https://www.independent.co.uk/news/u...e-1391981.html
(ignore the date on the report)
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legalhelp
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(Original post by nulli tertius)
Sentence wrong in principle. The judge is looking at protecting the victim when the defendant is let out. That should be approached through an injunction rather than revoking her life licence.

Even the length of time she must serve is excessive. She pleaded guilty and was told she must serve nearly 5 years. To work the “normal” non-life sentence she would have received add back the 1/3 discount for “guilty” and double it. That is nearly 14 years. Far too long.

A 4 year determinate sentence would have been long enough. When she is let out in two years, either she will forget him or the replacement for an ASBO will manage her in the the future.
I disagree with much of your analysis above on the sentencing approach generally, but to start with, how do you get to a starting tariff pre-credit of 14 years here? She got a minimum term of 4 years 6 months. Even if she pleaded at the earliest opportunity that’s 1/3 discount from a minimum term post-trial (i.e. had she not pleaded) of 82 months (6 years 10 months). You don’t double that figure. Plus the starting point for calculating the minimum term may have been lower than 82 months if she didn’t plead at the earliest opportunity, and therefore the resulting tariff of 4 years 10 months was after the application of a lesser percentage of credit.
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legalhelp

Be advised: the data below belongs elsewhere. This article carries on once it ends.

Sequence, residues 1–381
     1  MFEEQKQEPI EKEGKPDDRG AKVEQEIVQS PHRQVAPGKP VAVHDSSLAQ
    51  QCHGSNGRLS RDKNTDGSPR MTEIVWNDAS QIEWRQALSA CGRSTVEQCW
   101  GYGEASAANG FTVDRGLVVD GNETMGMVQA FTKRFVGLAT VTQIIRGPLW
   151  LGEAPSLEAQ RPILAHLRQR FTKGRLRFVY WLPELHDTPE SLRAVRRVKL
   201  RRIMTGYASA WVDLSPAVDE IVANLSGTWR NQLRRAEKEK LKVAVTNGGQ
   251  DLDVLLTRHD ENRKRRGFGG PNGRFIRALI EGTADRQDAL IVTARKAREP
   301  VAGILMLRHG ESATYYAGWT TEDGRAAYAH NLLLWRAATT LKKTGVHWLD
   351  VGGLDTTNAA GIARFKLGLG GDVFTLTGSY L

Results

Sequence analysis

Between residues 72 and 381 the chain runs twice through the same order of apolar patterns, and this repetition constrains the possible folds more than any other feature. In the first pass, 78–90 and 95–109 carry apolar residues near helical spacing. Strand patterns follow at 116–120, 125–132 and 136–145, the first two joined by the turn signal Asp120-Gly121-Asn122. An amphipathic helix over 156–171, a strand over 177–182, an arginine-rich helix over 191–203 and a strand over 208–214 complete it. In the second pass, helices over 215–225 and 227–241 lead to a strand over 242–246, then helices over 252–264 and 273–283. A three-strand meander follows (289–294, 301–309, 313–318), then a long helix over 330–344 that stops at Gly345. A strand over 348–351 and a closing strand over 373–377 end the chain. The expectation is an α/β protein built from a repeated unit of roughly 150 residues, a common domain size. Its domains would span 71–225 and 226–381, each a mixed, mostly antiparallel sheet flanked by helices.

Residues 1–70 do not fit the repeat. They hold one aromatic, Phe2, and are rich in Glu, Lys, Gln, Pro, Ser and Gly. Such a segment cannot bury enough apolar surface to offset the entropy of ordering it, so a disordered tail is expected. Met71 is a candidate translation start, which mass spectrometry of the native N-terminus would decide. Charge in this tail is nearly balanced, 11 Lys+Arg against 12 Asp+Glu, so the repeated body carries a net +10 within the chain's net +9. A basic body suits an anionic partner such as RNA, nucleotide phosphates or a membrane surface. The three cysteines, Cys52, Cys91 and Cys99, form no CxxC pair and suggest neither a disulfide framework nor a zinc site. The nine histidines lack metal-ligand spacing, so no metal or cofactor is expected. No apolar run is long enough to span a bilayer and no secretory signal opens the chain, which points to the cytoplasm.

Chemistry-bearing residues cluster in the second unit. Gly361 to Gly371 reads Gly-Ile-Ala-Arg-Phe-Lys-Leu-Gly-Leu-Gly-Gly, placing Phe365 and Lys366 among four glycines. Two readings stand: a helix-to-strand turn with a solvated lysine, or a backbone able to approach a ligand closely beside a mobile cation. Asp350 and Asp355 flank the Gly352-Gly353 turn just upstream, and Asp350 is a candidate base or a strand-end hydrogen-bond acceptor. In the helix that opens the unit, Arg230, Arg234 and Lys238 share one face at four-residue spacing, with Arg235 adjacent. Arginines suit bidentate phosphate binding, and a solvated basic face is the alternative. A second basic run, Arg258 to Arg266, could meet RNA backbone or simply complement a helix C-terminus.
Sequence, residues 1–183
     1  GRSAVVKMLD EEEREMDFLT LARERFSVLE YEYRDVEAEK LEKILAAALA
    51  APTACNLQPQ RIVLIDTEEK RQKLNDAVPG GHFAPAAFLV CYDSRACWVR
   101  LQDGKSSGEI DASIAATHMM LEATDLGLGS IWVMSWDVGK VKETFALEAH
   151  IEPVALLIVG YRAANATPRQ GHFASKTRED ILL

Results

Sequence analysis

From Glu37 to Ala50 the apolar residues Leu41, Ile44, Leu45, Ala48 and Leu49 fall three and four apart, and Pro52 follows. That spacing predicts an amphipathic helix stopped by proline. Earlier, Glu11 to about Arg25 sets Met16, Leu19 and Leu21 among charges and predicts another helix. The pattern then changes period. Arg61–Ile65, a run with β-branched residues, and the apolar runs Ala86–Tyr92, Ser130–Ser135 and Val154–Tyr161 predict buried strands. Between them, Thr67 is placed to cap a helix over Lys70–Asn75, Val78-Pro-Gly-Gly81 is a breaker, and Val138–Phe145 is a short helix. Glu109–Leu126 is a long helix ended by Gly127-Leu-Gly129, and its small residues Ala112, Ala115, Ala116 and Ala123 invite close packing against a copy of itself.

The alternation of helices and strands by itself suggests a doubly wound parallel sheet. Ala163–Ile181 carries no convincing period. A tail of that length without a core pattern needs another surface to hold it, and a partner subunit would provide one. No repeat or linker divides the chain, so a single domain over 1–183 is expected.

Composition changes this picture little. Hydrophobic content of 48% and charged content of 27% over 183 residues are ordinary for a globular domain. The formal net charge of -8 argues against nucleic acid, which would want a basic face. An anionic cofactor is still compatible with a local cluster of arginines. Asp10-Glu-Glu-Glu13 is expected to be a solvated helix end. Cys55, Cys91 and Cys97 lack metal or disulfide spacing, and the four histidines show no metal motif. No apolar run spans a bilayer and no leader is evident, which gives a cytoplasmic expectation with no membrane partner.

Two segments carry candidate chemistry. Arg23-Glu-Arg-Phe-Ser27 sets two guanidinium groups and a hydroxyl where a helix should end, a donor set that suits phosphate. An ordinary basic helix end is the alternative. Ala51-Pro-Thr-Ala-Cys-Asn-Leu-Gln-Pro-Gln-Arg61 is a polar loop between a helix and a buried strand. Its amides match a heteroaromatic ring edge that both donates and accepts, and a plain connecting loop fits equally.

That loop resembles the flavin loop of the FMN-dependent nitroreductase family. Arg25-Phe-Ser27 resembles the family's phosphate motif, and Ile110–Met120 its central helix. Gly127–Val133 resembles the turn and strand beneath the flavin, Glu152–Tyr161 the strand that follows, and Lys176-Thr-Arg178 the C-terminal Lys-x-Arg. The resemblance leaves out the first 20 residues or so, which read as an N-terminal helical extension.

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(Original post by nulli tertius)
Arson, but not other forms of criminal damage, carries a life sentence without any intent to endanger life. Since the beginning of the 20th century it has been the only offence which is not an offence to the person that has attracted significant numbers of life sentences. It is currently one of the "dangerous" offences that attract an automatic life sentence (subject to many exceptions).

This man got llife for arson of a barn in 1970. In 1993 following a campaign to release him involving all the usual suspects, he was in a programme towards release. As part of that he was on day release friom prison. He went straight round to the same barn and set fire to it again.

https://www.independent.co.uk/news/u...e-1391981.html
(ignore the date on the report)
Firstly, it is important not to conflate “carrying a life sentence” (which suggests this is the only available sentencing outcome) with “being an offence the maximum sentence for which is life imprisonment”. You obviously know this, but the way you are writing suggests convicted arsonists will get life, which obviously isn’t right. The only crime carrying a mandatory life sentence is murder. Tried summarily the maximum for arson is 6 months, so it is capable of being dealt with as something pretty minor, if the facts suggest that. By contrast if the facts do suggest the arsonist intended to endanger life, it will usually be charged as aggravated arson to give the judge greater sentencing latitude on conviction.